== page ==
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SERPING1  -  serpin peptidase inhibitor, clade G (C1...

Homo sapiens

 
 
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Disease relevance of SERPING1

  • BACKGROUND: Hereditary angioedema (HAE) is caused by heterozygous defects in the C1 inhibitor (C1-INH) gene (SERPING1/C1NH) [1].
  • Hereditary angioneurotic edema (HAE) is an autosomal dominant disorder characterized by episodic local subcutaneous and submucosal edema caused by the deficiency of activated C1 esterase inhibitor protein (C1-INH, type I (C1NH): reduced serum antigen level, type II: reduced activity and normal serum antigen level) [2].
  • There is now accumulating evidence, obtained from studies in animals and observations in patients, that administration of C1-Inh may have a beneficial effect as well in other clinical conditions such as sepsis, cytokine-induced vascular leak syndrome, acute myocardial infarction, or other diseases [3].
  • In addition, StcE-treated C1-INH provides significantly increased serum resistance to E. coli K-12 over native C1-INH [4].
  • This study evaluates in dogs the effect of the C1-esterase inhibitor (C1-INH), a main inhibitor of the blood coagulation contact system, on the cardiovascular and respiratory dysfunction associated with endotoxic shock [5].
  • Mutations in this gene may play a role in age related macular degeneration [6].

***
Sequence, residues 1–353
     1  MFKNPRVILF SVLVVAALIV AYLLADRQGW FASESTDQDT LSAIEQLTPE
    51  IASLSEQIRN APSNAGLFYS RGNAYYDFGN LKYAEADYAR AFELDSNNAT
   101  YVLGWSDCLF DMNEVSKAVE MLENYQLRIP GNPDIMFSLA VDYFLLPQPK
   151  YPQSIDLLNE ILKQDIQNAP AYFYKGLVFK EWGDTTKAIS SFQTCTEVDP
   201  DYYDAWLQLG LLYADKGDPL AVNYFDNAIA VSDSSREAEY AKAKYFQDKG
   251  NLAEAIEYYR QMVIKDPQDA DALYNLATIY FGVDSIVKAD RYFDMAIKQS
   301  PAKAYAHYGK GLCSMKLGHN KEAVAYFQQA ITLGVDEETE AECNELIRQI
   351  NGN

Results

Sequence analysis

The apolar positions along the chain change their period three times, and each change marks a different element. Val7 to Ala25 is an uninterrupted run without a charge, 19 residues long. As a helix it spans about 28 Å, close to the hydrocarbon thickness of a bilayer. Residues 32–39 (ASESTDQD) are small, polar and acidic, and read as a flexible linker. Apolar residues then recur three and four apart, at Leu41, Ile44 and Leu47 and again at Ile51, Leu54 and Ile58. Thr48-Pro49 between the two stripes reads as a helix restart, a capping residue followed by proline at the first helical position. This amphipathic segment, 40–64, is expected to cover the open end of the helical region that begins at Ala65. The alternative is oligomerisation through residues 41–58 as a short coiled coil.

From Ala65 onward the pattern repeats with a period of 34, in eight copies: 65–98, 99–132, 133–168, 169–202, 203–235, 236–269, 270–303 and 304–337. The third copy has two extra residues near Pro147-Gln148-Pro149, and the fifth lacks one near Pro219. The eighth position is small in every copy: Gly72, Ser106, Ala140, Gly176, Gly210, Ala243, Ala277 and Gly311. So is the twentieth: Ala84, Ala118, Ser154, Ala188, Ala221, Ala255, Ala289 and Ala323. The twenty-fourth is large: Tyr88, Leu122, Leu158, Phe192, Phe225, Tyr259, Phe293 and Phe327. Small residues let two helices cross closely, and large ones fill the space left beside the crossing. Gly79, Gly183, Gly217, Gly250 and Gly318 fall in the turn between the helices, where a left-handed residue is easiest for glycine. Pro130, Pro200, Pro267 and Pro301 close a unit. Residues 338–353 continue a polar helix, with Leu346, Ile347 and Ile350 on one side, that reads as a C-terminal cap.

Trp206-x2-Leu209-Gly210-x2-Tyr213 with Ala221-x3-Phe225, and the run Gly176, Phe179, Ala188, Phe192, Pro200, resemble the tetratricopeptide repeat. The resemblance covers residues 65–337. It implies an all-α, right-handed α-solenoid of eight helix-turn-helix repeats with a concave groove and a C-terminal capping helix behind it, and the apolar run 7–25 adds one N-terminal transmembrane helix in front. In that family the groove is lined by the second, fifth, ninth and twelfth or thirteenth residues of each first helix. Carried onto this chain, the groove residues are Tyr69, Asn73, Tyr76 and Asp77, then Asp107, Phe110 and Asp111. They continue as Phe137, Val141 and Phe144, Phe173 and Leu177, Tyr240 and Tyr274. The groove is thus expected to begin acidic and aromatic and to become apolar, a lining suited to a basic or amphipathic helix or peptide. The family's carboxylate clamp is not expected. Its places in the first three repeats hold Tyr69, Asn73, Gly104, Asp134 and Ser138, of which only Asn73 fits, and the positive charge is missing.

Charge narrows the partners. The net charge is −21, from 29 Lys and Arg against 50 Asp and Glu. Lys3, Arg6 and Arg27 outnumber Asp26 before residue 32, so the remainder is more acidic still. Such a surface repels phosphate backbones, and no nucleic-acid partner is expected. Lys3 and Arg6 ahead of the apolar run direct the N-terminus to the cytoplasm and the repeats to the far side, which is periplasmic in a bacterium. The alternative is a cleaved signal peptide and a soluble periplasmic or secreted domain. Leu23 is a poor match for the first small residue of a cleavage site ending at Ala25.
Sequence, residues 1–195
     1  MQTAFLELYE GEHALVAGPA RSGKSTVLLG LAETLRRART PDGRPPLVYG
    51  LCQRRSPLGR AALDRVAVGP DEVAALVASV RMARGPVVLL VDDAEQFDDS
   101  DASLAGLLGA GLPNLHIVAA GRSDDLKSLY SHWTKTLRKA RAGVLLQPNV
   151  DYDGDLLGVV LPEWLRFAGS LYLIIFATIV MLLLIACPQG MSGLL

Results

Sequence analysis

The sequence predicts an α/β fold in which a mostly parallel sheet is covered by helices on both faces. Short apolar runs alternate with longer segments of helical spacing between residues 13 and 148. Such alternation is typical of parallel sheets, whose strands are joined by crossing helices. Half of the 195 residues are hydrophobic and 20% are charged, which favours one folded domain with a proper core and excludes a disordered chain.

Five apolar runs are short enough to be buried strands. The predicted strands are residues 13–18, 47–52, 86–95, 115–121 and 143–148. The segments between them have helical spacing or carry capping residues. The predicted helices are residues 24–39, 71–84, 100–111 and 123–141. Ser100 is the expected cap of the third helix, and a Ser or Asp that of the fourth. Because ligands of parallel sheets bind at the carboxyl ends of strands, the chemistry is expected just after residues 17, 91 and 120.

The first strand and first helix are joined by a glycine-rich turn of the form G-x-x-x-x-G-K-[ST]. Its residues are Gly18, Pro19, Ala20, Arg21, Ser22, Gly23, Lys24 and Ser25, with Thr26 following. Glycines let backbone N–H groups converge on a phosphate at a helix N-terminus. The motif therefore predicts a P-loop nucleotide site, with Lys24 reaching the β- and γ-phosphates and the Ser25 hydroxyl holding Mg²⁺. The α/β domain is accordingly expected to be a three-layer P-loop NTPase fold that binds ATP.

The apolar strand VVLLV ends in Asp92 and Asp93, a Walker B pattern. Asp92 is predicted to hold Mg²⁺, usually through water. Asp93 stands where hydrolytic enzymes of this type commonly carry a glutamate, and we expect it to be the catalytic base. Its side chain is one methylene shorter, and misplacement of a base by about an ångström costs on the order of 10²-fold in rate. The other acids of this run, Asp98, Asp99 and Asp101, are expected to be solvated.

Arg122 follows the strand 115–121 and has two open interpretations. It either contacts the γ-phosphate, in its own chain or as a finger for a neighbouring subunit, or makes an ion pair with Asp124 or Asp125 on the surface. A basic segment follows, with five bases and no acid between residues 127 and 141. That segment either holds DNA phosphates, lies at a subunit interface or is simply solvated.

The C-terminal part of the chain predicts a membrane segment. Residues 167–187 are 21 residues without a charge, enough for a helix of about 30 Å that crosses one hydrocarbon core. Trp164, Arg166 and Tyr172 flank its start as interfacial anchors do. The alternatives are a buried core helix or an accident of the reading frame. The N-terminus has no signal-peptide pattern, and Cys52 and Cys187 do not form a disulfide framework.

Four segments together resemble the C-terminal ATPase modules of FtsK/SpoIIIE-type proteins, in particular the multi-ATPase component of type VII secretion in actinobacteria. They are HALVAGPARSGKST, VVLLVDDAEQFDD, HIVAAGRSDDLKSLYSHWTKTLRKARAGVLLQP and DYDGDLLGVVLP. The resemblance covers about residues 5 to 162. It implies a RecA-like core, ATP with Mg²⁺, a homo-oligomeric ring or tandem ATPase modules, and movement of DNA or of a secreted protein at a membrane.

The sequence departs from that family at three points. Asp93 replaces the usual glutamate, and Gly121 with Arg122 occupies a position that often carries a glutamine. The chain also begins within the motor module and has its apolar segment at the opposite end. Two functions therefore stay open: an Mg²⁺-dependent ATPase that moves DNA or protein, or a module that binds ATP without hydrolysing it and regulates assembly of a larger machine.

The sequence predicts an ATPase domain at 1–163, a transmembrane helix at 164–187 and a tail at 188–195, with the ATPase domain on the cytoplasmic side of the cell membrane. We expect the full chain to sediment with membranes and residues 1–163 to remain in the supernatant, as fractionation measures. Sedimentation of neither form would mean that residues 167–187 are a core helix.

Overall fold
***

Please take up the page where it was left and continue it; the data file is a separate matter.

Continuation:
High impact information on SERPING1

  • This autoantibody was isolated from a patient with a novel variant of acquired angioedema and C1-Inh dysfunction [7].
  • C1-esterase inhibitor (C1-Inh) therapy was introduced in clinical medicine about 25 years ago as a replacement therapy for patients with hereditary angioedema caused by a deficiency of C1-Inh [3].
  • However, inactivation of C1-Inh occurs locally in inflamed tissues by proteolytic enzymes (e.g., elastase) released from activated neutrophils or bacteria thereby leading to increased local activation of the various host defense systems [3].
  • C1-Inh, belonging to the superfamily of serine proteinase inhibitors (serpins), is a major inhibitor of the classical complement pathway, the contact activation system, and the intrinsic pathway of coagulation, respectively [3].
  • Likewise, C1-Inh leads to C1q remaining on the immune complex to interact with the C1q receptor [8].
 

Chemical compound and disease context of SERPING1

  • Heterozygosity for C1INH deficiency results in hereditary angioedema, which is mediated by bradykinin [9].